Category Archives: 7 Holonics and LOHAS

Mr. BKS Iyengar’s Light shines on

Like millions of others, I have been influenced by this great yoga teacher, though I have never met him. I have read The Tree of Yoga. I refer to Light on Yoga and Light on Pranayama. I study Light on the Yoga Sutras of Patanjali. I use props to aid my alignment. I am aware that yoga is a strong discipline, not a casual affair. I find something in today’s practice that was better than yesterday’s practice. Thank you, Guruji, for the great gifts you gave us.

“When I practice, I am a philosopher,
When I teach, I am a scientist,
When I demonstrate, I am an artist.”
BKS Iyengar

Sharing makes you happy.

A survey by Gallup on the relationship between well-being and community service shows a direct positive correlation. The overall pattern cut across income and age group.  The Gallup analysis also found a connection between community service and key indicators of emotional health, such as stress and worry.


Sadly it seems that many more U.S. adults do not receive recognition for community service, so this  study suggests that communities would be wise to do more to promote opportunities for residents to volunteer and engage in community service and businesses can help by allowing their workers time to engage in volunteer activities.

Gallup: Americans Serving Their Communities Gain Well-Being Edge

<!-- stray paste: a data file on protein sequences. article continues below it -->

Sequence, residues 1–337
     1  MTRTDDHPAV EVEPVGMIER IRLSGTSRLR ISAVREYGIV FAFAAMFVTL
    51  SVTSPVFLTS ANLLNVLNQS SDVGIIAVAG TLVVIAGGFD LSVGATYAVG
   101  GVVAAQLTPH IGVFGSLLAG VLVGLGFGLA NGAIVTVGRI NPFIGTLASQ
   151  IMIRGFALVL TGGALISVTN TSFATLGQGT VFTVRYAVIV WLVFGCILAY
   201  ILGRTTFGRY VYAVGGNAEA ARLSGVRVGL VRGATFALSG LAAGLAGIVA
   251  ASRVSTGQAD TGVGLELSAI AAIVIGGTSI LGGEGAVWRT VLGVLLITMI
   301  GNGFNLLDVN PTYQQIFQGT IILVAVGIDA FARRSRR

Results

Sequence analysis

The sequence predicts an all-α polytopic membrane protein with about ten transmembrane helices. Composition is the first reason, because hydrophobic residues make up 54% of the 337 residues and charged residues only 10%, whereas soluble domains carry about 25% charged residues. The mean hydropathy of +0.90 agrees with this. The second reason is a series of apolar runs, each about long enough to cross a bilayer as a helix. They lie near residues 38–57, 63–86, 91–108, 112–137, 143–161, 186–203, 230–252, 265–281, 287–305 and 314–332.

CityLab by The Atlantic: There’s a Remarkably Strong Link Between Community Service and Happiness


Toxins in your drinking water?

lake erie waterIt happens regularly now.  Tonnes of agricultural fertiliser and sprays running off the land in to the water system causing eutrophication.  Algae bloom and everything else dies.  And even massive municipal treatment plants can’t clean the water.    Farming practices and climate change cause the problem, which will not go away until we all choose to live more sustainably on the planet.

Bottoms up!

The Guardian: Farming practices and climate change at root of Toledo water pollution

NASA Earth Observatory: Algae Bloom on Lake Erie

For related articles and information, please visit OCA’s Farm Issues page, He alth Issues page and our Environment and Climate Resource Center page.

Happiness = …

This is the equation for happiness:


What does all that jibberish mean?  Basically that expectations determine happiness.  That is why looking over the garden hedge at the grass on  the other side (the lawn that you can’t have because to belongs to someone else) is a sure way to be unhappy.  And why appreciating the small things in life, like clean water, clean air, clean food and the birds in the trees keeps a smile in your heart.

If you want to know how happy a person is, don’t  ask their salary, ask how it compares to others or to their own salary in the past.  The gap – whether positive or negative – influences expectations and that really matters.   Unless you’ve got a bit of enlightenment and can withdraw your expectations from the common consumption patterns and look at the big picture …

The equation, published in PNAS Journal, could be used to look at mood disorders and happiness on a mass scale.

 BBC: Equation ‘can predict momentary happiness’

Even big brother thinks big brother can be dangerous.